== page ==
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Failed classes, no goals, and no future

confusedlostconfusedlost 0 replies1 discussionsRegistered User Posts: 1 New Member
To start off I love my parents. They have always been there to push me when I lost sight of my goals. They have payed for my classes, they feed me, and they really don't ask for much in return. Now that that is out there, here is my problem. When I started college, everything happened at once. I learned how to drive and I got a job. This probably wouldn't have happened without the serious pushing by my parents. In my first year of college I failed four classes. Instead of telling my parents, like a normal person, I lied. At the time I justified it to myself and said that it was for their own good. My brother was in a really bad place right then and they really needed one good kid. Now I am in my second year of college and they want to see my transcripts. I have been doing better in my classes, but they still don't know about my bad grades in freshmen year. I really just don't know what to do. And to top it all off I have not a single clue about the direction I want to take my life. I need help but I don't want to disappoint them. What should I do?
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Replies to: Failed classes, no goals, and no future

  • Oregon2016Oregon2016 706 replies1 discussionsRegistered User Posts: 707 Member
    edited April 2016
    My parents never asked to see my transcript. Now that I'm a parent I have never asked my children to show me their transcripts. Therefore I assume that your parents probably know something isn't quite 'right' with your academic record. Best thing you can do is comply with their request and be prepared to present a five year plan for yourself. This isn't about your "life", this is about the next 5 years! Have it on a piece of paper with benchmarks you personally want to meet periodically. You wrote an intelligent post so you are not a dummy, and it sounds like you love your parents and they love you. Just think about the next 5 years and put it on a piece of paper- it shows maturity and that means so much to a parent.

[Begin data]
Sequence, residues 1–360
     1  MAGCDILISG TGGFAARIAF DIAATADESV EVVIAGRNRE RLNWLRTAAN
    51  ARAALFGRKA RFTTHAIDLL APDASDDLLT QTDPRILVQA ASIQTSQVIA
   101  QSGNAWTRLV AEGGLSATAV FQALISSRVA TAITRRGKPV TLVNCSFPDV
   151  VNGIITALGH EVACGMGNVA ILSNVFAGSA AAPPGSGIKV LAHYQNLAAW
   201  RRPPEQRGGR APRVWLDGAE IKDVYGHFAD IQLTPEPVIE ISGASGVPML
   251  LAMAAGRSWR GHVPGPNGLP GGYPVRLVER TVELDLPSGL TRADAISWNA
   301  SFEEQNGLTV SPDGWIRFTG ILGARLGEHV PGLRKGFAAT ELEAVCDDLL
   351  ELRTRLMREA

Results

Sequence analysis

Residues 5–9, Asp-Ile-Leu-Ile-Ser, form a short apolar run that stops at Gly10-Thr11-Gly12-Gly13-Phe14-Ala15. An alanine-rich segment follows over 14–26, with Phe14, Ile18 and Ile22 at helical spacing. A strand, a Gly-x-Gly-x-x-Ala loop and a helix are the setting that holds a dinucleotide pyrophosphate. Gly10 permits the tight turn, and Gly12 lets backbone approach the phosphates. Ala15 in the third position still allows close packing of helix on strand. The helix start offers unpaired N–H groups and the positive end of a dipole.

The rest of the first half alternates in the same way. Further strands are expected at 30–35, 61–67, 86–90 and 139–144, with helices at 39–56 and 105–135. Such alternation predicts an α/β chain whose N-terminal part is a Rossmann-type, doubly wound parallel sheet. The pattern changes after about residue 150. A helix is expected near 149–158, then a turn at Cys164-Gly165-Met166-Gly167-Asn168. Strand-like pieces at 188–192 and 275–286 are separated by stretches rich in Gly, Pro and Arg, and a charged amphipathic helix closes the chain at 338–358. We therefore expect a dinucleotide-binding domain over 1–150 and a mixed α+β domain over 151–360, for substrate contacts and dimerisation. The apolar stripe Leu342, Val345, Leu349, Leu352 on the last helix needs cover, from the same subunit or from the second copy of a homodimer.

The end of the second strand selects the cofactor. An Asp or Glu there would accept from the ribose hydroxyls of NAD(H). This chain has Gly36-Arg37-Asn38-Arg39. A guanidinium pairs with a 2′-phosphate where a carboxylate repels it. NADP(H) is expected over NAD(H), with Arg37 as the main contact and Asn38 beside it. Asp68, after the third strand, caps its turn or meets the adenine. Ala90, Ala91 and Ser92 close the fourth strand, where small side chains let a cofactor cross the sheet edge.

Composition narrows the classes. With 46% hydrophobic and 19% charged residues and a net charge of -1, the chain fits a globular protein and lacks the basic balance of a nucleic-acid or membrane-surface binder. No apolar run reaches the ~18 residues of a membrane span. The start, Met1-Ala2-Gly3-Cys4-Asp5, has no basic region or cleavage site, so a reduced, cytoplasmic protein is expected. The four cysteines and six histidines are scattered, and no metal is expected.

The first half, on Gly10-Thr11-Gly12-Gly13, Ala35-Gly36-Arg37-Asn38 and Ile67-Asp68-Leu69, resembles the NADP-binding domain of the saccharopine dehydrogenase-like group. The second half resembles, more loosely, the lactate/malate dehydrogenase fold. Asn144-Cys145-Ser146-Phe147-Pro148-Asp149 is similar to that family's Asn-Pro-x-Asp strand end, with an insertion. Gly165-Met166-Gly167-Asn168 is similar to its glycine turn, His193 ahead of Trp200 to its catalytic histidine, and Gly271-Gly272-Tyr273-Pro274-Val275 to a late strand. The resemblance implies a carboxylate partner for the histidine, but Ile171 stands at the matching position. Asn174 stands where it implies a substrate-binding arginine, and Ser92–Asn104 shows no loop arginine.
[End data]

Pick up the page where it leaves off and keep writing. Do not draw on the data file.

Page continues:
edited April 2016
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  • colorado_momcolorado_mom 8840 replies78 discussionsRegistered User Posts: 8,918 Senior Member
    I've had a kid that lied about class struggles (or even community colleges dropped... argh, forged a parents-only transcript). . It hurts. In fact, the lies probably hurt more than the actual facts. My suggestion is to come clean and say, "I am truly sorry. I just didn't know how to deliver such bad news when you had your hands full with brother's woes".

    Glad to hear you are doing better now - your parents will be too. You should perhaps find a way to propose paying them back for that first semester, after you graduate.
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  • katliamomkatliamom 12745 replies167 discussionsRegistered User Posts: 12,912 Senior Member
    My son lied to me about failing classes. Was I upset? Heck, yes! But you're in a better situation than my son since you're doing better now. My recommendation is to be very honest with your parents. Tell them you went through a hard time and your classes reflected it. Tell them you learned your lesson and have improved your study habits and are working hard. Show them the transcript. Be prepared for their disappointment, it's a normal reaction. They sound like good people who will come around to see -- and appreciate -- your improvement.

    As to not knowing what to major in.... surely you have some ideas? Some classes you like better than others? Areas you're better in than others? Talk to a school counselor about taking aptitude tests, or for guidance what you could do with the classes you like. If by the end of the school year you're still completely uncertain, consider taking some time off school. That's what my son did -- he got a full time job and spent a year thinking about -- stuff. It's been good for him, and he's got a much clearer picture of what he wants to do when he goes back next year. You might have a similar breakthrough.

    Just do yourself, and your parents a favor. Discuss your current uncertainty with them. They may have insights and advice. And if you decide to take time off school, be honest with them about it, and share your plans. If they see you've thought it through, and plan to work and then return to college, they may surprise you by being supportive.

    Hang in there - and good luck.
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  • mackinawmackinaw 2971 replies53 discussionsRegistered User Posts: 3,024 Senior Member
    I don't understand how a student who failed 4 classes in year 1 can be enrolled as a sophomore in year 2. But one way or another you need to come clean and with a plan. That should start with a conversation with your academic advisor.
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